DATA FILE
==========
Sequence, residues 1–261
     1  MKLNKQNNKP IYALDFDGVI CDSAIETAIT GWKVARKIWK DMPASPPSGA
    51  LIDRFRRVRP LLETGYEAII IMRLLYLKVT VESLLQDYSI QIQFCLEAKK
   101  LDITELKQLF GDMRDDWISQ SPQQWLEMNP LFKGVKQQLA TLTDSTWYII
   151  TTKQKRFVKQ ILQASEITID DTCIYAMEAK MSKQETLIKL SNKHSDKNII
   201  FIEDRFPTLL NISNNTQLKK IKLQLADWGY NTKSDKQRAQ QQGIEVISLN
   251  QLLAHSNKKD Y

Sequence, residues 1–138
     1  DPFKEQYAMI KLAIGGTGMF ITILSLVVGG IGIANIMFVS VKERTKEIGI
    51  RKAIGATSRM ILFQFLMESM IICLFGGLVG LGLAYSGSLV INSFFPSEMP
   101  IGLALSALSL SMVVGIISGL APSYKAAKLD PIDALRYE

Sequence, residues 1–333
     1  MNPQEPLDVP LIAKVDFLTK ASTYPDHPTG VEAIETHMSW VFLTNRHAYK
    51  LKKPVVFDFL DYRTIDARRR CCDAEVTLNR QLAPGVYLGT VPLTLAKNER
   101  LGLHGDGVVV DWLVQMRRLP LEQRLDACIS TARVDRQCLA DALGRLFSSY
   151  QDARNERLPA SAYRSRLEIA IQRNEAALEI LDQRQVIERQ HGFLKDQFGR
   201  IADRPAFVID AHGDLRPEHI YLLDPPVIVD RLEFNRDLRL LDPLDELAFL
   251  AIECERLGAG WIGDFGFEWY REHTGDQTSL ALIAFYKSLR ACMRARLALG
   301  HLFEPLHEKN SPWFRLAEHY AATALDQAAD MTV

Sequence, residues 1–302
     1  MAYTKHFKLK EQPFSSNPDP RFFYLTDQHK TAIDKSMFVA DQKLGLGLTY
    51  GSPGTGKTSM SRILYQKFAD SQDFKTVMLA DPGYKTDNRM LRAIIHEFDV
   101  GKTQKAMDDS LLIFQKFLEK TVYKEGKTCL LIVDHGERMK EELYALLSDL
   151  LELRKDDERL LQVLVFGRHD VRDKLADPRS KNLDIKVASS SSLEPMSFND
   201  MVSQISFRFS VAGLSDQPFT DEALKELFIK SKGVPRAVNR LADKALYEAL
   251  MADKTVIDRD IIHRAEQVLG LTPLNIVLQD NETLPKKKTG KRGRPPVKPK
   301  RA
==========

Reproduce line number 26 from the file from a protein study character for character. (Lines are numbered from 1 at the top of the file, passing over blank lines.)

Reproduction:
   251  MADKTVIDRD IIHRAEQVLG LTPLNIVLQD NETLPKKKTG KRGRPPVKPK